Then you look at guys like Reiff (who I am not a fan of) and Remmers. Both were very solid in 2017. Maybe shurmurs scheme had something to do with their success, I don’t know. But I don’t think they were “bad” finds. Just not great ones.

Then guys like O’Neill who is an elite pass blocker and has allowed 1 sack in his 2 year career (which came in the SF playoff game this year). And Bradbury who struggles as a pass blocker due to strength but is a great run blocker, I would say the jury is still out there.

Sure Spielman has had his bad picks like beavers and clemmings but what GM hasn’t.

I think the main problem with our OL struggles is:

1.) How it is managed and handled. For example moving remmers to guard. Or them considering moving Reiff to guard this year. You’d think they would learn from the remmers experience.

2.) injuries and players becoming their own problems like Kalil.

3.) how Spielman went so long without addressing it early on in the draft. I mean if you look now, who are the “cornerstones” on this OL? O’Neill and Bradbury. What did Spielman do the last two years? Take O’Neill and Bradbury early. He hasn’t done that since Kalil in 2012. He was fishing into the middle to late rounds too often and then patching with free agents. I’m starting to think he might finally have it figured out given we took O’Neill and Bradbury the last 2 years in the early rounds and by the sounds of it, are going to invest early again this year. Stop gaps like josh Kline are tolerable but the line needs to be built through the draft and chances are, it needs to be fairly early.

We need to just stop doing patchwork and invest. It has worked as of late and he is indeed finding talent early on. I expect to see that again this year. Not only early but also the middle rounds. I also think Trent Williams is a move we need to make.

If I’m Spielman, id trade for Williams and then do whatever I possibly could to trade up for Wirfs. Could you imagine Williams, Wirfs, Bradbury and O’Neill?!! I could care less who takes the other guard spot. I could man that spot and we’d still be a top 10 OL and I weigh under 200 lbs. But maybe draft someone like Jonah Jackson out of Ohio st in the 3rd-4th. Boom, line solidified! For a long time no less. Paying Reiff and remmers big money in free agency is one thing, trading for an elite LT is another. Trade for Williams and build around him with draft picks. They could easily solve this OL issue in 1 offseason by pulling something like this off.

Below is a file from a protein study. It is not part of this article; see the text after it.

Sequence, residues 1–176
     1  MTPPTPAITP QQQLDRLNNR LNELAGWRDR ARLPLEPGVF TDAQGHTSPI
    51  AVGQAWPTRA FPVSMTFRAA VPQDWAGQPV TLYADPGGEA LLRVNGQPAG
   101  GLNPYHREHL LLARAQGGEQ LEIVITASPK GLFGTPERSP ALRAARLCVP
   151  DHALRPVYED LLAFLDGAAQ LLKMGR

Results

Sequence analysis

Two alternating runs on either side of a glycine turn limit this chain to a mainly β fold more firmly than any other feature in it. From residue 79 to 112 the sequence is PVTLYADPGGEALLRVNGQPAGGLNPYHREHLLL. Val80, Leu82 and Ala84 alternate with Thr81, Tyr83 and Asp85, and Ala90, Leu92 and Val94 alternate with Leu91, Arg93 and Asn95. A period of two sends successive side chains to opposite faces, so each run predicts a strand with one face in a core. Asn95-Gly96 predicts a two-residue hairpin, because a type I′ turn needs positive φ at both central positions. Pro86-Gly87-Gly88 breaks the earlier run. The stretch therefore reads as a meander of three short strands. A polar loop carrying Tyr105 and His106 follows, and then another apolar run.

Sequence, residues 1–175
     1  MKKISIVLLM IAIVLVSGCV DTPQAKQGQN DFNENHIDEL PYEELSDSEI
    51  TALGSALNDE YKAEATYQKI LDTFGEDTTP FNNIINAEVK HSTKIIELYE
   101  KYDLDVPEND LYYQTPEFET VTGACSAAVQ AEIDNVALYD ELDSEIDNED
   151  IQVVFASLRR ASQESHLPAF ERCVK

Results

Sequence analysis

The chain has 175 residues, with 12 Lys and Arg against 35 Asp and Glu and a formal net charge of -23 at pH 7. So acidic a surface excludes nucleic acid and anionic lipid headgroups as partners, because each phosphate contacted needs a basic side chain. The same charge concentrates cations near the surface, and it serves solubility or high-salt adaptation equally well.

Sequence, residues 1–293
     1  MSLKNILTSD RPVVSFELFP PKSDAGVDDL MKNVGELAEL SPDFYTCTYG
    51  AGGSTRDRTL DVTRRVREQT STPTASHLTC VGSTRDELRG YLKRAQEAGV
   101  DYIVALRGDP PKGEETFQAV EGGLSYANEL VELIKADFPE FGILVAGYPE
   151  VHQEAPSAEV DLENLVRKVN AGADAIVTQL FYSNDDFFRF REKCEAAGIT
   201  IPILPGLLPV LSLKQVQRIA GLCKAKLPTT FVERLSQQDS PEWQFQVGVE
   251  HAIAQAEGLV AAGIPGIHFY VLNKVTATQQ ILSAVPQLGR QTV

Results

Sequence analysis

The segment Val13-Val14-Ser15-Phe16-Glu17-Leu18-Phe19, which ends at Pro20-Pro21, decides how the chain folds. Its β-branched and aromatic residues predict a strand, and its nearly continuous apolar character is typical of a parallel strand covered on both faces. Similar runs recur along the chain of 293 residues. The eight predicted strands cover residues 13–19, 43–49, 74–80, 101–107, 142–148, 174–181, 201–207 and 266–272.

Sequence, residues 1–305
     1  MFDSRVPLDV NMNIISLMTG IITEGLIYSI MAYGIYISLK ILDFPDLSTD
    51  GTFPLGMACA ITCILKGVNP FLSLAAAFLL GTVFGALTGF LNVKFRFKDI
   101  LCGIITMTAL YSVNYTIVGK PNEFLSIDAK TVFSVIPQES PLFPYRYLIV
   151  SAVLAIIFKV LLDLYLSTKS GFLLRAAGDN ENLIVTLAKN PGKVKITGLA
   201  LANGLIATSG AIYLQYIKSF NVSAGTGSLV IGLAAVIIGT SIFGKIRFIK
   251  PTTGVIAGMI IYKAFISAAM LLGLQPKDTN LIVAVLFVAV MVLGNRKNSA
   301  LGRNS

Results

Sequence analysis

Interesting.

I recently read a quote from Mike Tice, who knows a thing or two about coaching an O-line, that he believes Riley Reiff could play any position on the line at a very high level with the exception of center and left tackle (where he actually plays).

Tice said the Vikings should move him inside and draft the next left tackle. He thinks O'Neill is great right where he is and should stay there.

Take it as you will, perhaps with a grain of salt, but the fact is that Riley Reiff ranks just below the halfway point for offensive tackles. I know you said you're not a fan, so I get that. IDK, maybe Reiff would actually benefit from a position change.
I have a recollection of it being Reiff who was very resistant to playing another position than LT. Maybe that was because of the financial side of it. I thought Reiff and Remmers played well enough to be fairly effective when they had a QB who could step up in the pocket a bit more. They are both middle of the pack OTs, better in the run than the pass, and both very ill suited to protecting a QB who tends to stand at the top of his drop. If Rick Spielman can be criticized for anything, its failing to have a coherent approach to building the team. The constant turnover in offensive coaching philosophy has not helped. Its time for a coherent plan!